You can’t understand how humble I am!

Making gamers great again.

Gaming standards have fallen far too low recently. I used to try to advise other players about how to improve their play, but nowadays the advice I feel most like giving is “Perhaps Exploding Kittens would be more your thing…” The time has come for a revolution. Too long have we allowed hipsters to infiltrate our ranks, using the fact that boardgames have become trendy to inflict their finely-groomed beards and complete lack of any understanding or reasoning ability whatsoever on innocent gamers. Too long have we put up with people who build stables in Agricola, who think that the Terra Mystica factions are balanced and who say things like “It was a really great move – he set it up so that he got loads of good stuff if he rolled a six and then he did!”

Beginners and bad players are a scourge on the gaming community – they slow games down, they inadvertently king-make and their unpredictable behaviour makes games more luck-based and less strategic. We should rise up and drive them from our gaming-tables with fire and blood, or possibly patronising comments and occasional mild criticism.

Climate change.

Of course, an alternative to the “fire and blood” option would be to change how we see inexperienced gamers, and to realise that they do have some benefits. For example, although they add luck, new players also add unpredictability. Games that have otherwise staled because there are only a few viable strategies when everyone plays optimally can be re-enlivened by having to respond on the fly to unusual behaviour from a beginner. Experienced players may have to deviate from their standard plays and actually start thinking constructively about their strategy again.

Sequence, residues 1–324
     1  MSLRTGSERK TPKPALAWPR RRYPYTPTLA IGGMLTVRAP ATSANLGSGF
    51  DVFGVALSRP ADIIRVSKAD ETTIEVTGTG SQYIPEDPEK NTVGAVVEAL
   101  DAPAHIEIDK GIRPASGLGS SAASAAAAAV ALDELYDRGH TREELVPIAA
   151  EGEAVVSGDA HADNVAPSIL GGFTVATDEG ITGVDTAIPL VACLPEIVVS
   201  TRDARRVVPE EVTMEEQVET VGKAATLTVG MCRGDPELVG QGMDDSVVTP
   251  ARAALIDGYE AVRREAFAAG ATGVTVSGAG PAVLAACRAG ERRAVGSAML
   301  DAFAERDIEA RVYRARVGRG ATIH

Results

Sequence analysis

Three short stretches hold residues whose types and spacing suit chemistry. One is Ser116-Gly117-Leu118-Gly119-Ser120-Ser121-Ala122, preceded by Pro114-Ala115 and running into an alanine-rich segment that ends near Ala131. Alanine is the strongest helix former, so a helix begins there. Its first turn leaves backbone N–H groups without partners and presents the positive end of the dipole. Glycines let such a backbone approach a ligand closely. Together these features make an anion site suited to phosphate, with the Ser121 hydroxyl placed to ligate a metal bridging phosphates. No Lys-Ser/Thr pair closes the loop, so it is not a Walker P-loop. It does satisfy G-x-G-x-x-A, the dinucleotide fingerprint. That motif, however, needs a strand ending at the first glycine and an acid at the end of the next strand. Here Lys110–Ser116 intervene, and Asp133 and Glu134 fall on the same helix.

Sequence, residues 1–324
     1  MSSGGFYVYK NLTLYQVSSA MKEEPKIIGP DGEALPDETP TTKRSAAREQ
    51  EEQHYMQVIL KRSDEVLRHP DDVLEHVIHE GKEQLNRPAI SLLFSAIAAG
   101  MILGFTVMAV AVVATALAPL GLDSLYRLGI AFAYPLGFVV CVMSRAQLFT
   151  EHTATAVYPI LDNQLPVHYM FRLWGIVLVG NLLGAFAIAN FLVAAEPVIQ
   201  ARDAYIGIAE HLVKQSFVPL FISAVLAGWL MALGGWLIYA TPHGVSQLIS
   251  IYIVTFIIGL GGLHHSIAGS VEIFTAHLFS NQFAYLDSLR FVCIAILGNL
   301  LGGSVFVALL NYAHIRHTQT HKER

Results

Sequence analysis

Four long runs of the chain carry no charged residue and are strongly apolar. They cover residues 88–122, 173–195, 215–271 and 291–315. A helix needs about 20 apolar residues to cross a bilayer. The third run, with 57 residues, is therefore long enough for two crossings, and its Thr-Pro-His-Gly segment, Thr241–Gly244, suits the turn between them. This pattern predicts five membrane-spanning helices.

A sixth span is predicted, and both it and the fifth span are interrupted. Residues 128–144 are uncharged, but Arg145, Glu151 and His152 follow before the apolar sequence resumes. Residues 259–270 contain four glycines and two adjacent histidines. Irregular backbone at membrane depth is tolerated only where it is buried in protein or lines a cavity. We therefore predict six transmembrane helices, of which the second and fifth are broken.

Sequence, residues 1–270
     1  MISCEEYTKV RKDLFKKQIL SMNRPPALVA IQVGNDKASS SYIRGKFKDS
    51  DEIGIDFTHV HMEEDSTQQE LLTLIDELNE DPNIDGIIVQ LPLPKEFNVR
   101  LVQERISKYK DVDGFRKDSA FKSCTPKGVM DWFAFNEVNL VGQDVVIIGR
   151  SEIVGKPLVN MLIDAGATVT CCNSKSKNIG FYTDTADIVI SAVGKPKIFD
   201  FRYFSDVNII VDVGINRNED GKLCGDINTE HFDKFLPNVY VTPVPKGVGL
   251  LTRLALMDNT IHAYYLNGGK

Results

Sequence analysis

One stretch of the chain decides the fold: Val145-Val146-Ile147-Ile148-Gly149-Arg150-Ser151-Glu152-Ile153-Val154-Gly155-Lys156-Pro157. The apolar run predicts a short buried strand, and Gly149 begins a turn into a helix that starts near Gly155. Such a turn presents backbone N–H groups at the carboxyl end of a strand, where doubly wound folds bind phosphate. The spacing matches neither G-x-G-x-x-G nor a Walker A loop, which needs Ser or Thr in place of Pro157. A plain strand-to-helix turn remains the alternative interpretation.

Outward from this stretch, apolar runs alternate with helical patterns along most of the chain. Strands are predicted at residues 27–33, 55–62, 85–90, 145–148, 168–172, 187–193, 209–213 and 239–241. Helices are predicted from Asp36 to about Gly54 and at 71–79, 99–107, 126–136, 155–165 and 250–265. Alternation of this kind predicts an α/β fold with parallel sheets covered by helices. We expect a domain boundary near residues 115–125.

We could of course go through the motions of the “We were all beginners once…” argument too, and although it is valid it has been so thoroughly done to death that I think I would probably prefer to play Saboteur than re-iterate it here. I will therefore skip to the conclusion of the argument, which is that we ought to try to provide a welcoming climate for beginners in our boardgames, particularly if we want to have anyone to play them with in the future.

There was no collusion…

So, having established that we ought (albeit grudgingly) to be nice to beginners and include them in our games, there is one obvious and important question that we need to answer: what are the best ways to manipulate them so as to serve our own interests?

I find that beginners tend to fall into two categories – those who want to follow advice and those who don’t. Try to establish which kind you are dealing with before making any big manipulation attempts.